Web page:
The list includes collision mitigation braking with advanced pedestrian detection and forward collision warning. A lane departure warning system is bundled with lane keep assist and road departure mitigation. Acura also supplies adaptive cruise control with low-speed follow, traffic jam assist, and traffic sign recognition.
Acura doesn’t stop there for consumers who want more. For instance, you’ll find an available blind-spot information system as well as optional rear cross-traffic monitoring. Lastly, but not least, Acura offers a multi-view rear camera with dynamic guidelines and an available surround-view camera system.
And no surprise to us, the Insurance Institute for Highway Safety (IIHS) awarded the 2021 TLX with its Top Safety Pick+ honors. Likewise, we expect the National Highway Traffic Safety Administration (NHTSA) will assign the TLX with its top 5-star rating once it conducts its own tests this year.
We’re going to focus on one engine choice with the 2021 TLX, although a second engine will follow in short order. All models currently in production are governed by a 2.0-liter turbocharged four-cylinder engine. This “little engine that could” is turbocharged, therefore it produces a competent 272 horsepower and 280 pound-feet of torque.
The power output available is necessary to move this relatively large sedan. Happily, it works with a silky smooth-shifting 10-speed automatic transmission to send power to the wheels. The good news is that it nearly matches the power of the previously available V6 engine. And it does so without sucking gas.
We’ll mention the second engine as it is due to debut when the TLX Type S arrives. This one is a 3.0-liter turbocharged V6 with 355 horsepower. Although not quite matching the kick of various BMW M or Mercedes-AMG models, we’re anticipating a sub-5-second 0-60 mph time. We can imagine that it’ll be a track-worthy model.
Benefitting the latest TLX is a much stiffer body structure – 50 percent stiffer at that and especially so where the suspension system and body intersect. Acura replaced the previous MacPherson struts with double wishbones up front and for the first time offers adaptive dampers, which is ideal for more spirited driving.
As a result, the sedan handles better than ever. Targeted steering inputs yield quick movements from the body, enabling the TLX to dart in and out with ease. Our tester came with the SH-AWD system, which sends power to the outside rear wheel when making sharp turns.
Of course, the sedan’s weight is still skewed to the front, thus it still trails rear-wheel-biased competitors, although narrowing the gap considerably. The TLX reminds us of Audi, which also uses a front-wheel-drive platform with available all-wheel drive to control most models. We’re not saying SH-AWD is equal to the task of Audi’s Quattro system, but it’s a contender.
We found the TLX gets the job done. And that job is to move this large sedan swiftly and on point.
The TLX’s step-off acceleration is strong. The turbo spools quickly, bringing full power to bear. Initially, when we drove this vehicle, we thought it still had a V6 engine. Much to our surprise, a small four-cylinder engine was at the ready, but we didn’t find fault with it.
Acura supplies the usual drive modes to control transmission shift points, engine rpms, and handling. We noticed that the relatively quiet exhaust system began making its presence known, something that will delight hard-core enthusiasts, but perhaps not be received as well by the average driver. No worries: leave the system in the default mode and you should be ready to go.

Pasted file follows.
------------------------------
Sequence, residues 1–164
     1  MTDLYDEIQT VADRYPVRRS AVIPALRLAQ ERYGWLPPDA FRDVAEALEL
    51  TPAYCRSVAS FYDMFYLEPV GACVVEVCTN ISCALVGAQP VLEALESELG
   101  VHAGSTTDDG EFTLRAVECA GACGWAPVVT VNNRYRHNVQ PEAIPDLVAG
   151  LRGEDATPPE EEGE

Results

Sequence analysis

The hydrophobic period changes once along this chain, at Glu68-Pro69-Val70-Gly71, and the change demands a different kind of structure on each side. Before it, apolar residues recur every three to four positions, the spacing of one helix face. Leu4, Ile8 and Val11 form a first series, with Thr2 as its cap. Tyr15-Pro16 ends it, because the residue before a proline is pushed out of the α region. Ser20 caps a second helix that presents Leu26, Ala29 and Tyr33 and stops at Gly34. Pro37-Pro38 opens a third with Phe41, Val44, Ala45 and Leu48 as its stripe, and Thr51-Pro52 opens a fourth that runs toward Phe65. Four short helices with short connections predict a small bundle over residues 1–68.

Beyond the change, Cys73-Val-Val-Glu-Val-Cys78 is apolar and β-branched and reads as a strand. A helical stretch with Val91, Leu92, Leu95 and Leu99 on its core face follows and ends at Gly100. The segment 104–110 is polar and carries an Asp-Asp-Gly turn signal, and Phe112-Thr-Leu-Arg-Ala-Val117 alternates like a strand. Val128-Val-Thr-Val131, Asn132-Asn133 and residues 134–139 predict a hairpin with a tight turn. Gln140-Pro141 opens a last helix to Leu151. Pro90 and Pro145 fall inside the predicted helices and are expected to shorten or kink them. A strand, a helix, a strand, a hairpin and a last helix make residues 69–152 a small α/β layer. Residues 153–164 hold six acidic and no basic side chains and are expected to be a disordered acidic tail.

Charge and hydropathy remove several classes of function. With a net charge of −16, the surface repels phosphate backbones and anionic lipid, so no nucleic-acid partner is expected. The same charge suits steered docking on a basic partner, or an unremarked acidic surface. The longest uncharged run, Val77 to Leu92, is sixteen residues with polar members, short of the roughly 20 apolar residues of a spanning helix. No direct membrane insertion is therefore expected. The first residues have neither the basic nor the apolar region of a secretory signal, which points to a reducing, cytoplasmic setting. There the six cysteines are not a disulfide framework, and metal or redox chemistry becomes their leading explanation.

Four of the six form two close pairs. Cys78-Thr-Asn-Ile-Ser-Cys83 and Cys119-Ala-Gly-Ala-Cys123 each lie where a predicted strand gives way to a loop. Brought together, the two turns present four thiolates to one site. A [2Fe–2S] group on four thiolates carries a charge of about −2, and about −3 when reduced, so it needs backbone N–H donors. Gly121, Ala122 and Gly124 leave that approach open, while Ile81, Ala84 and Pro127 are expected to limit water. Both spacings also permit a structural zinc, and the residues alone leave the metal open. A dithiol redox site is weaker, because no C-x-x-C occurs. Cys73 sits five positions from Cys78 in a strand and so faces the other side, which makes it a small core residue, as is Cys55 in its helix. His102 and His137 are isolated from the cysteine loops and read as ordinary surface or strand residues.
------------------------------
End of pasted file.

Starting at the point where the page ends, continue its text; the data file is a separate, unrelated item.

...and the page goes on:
We praise the TLX for delivering a smooth and quiet ride. It seemed bigger than it was when behind the wheel, but it remained tossable on the back roads. Again, its front-wheel-drive bias remains, but with the available SH-AWD system, some of the challenges are mitigated.
Lastly, we’re looking forward to the S Type’s arrival. Although Acura is much more of an SUV brand these days than before, it needs one or two sedan models to keep a toehold in the segment. Along with the deliciously outstanding NSX hybrid sports car, Acura has two car models that are worthy of the brand’s distinction. What Acura’s plans may be for the smaller ILX, itself based on the Honda Civic’s platform, will explain much about what this brand has in mind going forward.
The current Acura TLX is better suited to take on its competitors. Its nearest rival is the Audi A6, which comes with standard front-wheel drive and available all-wheel drive.
But there are other models in the segment, ranging from the Cadillac CT5 to the Mercedes-Benz E-Class and the BMW 5-Series. The Volvo S60, Jaguar XF, Genesis G80, and the Infiniti Q50 are other models to consider.
Well, there you have it. Acura has brought a new TLX model to the market and it is better than the one it replaced.
Choose your package upgrades wisely as you’ll be adding thousands of dollars to your cost without batting an eye. The one upgrade we do recommend is the $2,000 SH-AWD option, no matter the chosen package.
Though we think front-wheel drive works fine for many drivers, the added handling benefit of the all-wheel-drive system is ideal on wet roads and increases the driving fun on curvy, dry roads. Again, Acura has Audi in its crosshairs here.
In all, we like the direction Acura is taking. The brand already builds on Honda’s stellar quality and reliability record to deliver models that should stand the test of time. The TLX underscores Acura’s commitment to the market and that alone may give customers the signal they need to purchase one.
2021 Acura TLX Specifications
|Segment||Midsize luxury sedan|
|Price Range||From $37,500 to $48,300|
|Standard Engine||2.0-liter, turbo I4|
|Horsepower||272 hp @ 6,500 rpm|
|Torque (lb.-ft.)||280 @ 1,600 to 4,500 rpm|
|Curb Weight (pounds)||3,709 to 4,028|
|Headroom (f,r…inches)||37.2, 36.7|
|Legroom (f,r…inches)||42.6, 34.5|
|Shoulder room (f,r…inches)||57.5, 55.4|
|Hip room (f,r…inches)||55.3, 54.9|
|Storage (cubic feet)||13.5|
|Gross vehicle weight (pounds)||NR|
|Fuel Tank (gallons)||15.9|
|EPA Fuel MPG (city/highway/combined)||22/31/25 (FWD); 21/29/24 (AWD)|
|Manufacturing Plant||Marysville, Ohio|
See Also – New and Improved: 2019 Acura RDX